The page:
Eight students to represent Lister in 2016-17

Eight individuals will advocate for residents in the place of the Lister Hall Students’ Association (LHSA) until its suspension expires in 2017.

The Students’ Union (SU) is currently accepting applications for the eight Lister representatives, who will be appointed by mid-June. The representatives — two per tower — will advocate for resident issues such as the Lister meal plan, suspected to change next year. Representatives will also organize programming similar to events such as the LHSA’s love auctions. The idea is to not “copy and paste old LHSA events,” as they have room for improvement, SU President Fahim Rahman said.

Each representative will be paid $375 per month from this August until the end of April 2017.  Payments will come from the SU’s unrestricted reserve fund, costing a total of $30,150. The last time the SU’s unrestricted reserve fund was accessed was for planning the now completed renovations of the Students’ Union Building, costing about $500,000.

The LHSA, which was comprised of roughly 50 floor coordinators, worked on a budget of more than $350,000 — more than 10 times the amount of the upcoming year’s Lister representatives.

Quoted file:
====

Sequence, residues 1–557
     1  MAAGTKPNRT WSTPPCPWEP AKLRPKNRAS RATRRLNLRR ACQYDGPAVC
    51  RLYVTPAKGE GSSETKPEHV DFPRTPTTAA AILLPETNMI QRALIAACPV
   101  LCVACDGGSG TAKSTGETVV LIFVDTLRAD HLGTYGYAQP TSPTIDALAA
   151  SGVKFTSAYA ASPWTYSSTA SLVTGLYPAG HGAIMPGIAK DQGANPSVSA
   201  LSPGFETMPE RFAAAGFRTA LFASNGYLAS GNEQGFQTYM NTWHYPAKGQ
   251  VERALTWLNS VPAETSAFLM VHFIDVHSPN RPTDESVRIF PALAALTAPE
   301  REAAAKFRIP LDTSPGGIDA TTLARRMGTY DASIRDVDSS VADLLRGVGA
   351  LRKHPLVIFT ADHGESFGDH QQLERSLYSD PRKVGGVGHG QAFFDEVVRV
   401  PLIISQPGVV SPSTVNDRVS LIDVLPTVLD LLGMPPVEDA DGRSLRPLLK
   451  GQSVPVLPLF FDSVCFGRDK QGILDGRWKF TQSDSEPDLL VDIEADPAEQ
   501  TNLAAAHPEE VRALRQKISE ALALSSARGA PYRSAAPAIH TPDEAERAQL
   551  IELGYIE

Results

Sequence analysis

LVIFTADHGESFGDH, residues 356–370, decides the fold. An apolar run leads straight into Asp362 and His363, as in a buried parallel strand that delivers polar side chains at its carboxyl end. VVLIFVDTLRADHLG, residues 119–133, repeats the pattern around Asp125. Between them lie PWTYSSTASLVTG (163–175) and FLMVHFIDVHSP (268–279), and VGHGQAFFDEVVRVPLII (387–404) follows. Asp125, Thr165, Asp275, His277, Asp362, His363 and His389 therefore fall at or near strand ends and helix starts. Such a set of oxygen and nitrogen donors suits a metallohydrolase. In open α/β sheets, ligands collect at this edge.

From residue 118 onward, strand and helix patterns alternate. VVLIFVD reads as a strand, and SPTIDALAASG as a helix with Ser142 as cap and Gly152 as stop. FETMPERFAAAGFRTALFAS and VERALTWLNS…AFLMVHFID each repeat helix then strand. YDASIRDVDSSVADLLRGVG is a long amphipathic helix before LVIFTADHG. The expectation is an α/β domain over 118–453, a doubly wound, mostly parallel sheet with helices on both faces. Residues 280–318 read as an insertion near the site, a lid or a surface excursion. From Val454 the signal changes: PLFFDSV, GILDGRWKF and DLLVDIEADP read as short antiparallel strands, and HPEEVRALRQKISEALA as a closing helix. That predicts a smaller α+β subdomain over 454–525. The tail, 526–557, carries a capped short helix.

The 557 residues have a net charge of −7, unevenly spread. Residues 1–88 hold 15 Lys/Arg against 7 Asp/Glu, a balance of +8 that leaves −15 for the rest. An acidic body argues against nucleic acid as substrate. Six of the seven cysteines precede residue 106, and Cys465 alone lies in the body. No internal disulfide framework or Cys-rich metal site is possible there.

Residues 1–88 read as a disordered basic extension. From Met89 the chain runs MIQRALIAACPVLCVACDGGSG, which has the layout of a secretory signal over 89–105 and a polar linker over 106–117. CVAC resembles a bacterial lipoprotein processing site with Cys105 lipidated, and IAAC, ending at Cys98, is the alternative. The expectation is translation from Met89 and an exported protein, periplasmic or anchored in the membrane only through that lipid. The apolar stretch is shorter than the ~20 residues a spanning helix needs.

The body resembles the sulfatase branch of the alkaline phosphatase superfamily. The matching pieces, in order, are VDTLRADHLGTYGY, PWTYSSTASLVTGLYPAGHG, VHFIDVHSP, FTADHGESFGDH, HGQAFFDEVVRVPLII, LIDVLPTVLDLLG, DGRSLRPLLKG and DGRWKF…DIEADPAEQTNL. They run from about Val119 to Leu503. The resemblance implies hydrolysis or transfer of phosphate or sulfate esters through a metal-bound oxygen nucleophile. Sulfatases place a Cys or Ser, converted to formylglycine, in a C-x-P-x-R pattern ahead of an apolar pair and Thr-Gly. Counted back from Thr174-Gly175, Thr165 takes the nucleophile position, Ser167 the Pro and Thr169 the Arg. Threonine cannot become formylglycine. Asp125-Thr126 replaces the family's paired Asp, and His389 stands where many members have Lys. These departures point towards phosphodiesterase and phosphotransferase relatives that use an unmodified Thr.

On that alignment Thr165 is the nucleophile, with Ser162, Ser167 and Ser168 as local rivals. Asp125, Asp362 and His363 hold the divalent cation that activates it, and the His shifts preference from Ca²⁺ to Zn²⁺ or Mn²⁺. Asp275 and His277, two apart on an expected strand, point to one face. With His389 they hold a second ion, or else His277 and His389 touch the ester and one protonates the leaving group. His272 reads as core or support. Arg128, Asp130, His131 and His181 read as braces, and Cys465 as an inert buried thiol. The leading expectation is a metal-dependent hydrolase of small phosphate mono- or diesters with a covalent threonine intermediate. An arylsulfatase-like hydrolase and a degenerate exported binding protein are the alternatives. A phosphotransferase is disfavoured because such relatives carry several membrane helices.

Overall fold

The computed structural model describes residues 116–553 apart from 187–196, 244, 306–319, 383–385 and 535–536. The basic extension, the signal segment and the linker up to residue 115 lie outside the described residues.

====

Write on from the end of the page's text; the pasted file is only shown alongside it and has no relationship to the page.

While the Lister representatives will be paid more than representatives of other University of Alberta residences, the honorariums are justified by the greater workload of representing 1,800 students, Rahman said. Challenges may also arise from the majority of Lister residents being in first year as part of U of A President David Turpin’s promise to offer all students a place in residence upon acceptance to the university.

This spring, the SU attempted to create a new Lister students’ association that would take on the roles of the old LHSA. The SU and the university never agreed on an association model, and the compromise has been to create representatives that work directly under the SU. Last year, students felt that the university needed to consult students more on the changing meal plan and the Lister renovations, which involved painting over the residence’s murals.

“I’m not writing this file off until we see movement on important issues … like making sure that student concerns are being taken seriously,” Rahman said. “I’m not convinced that that’s been the case in the past.”

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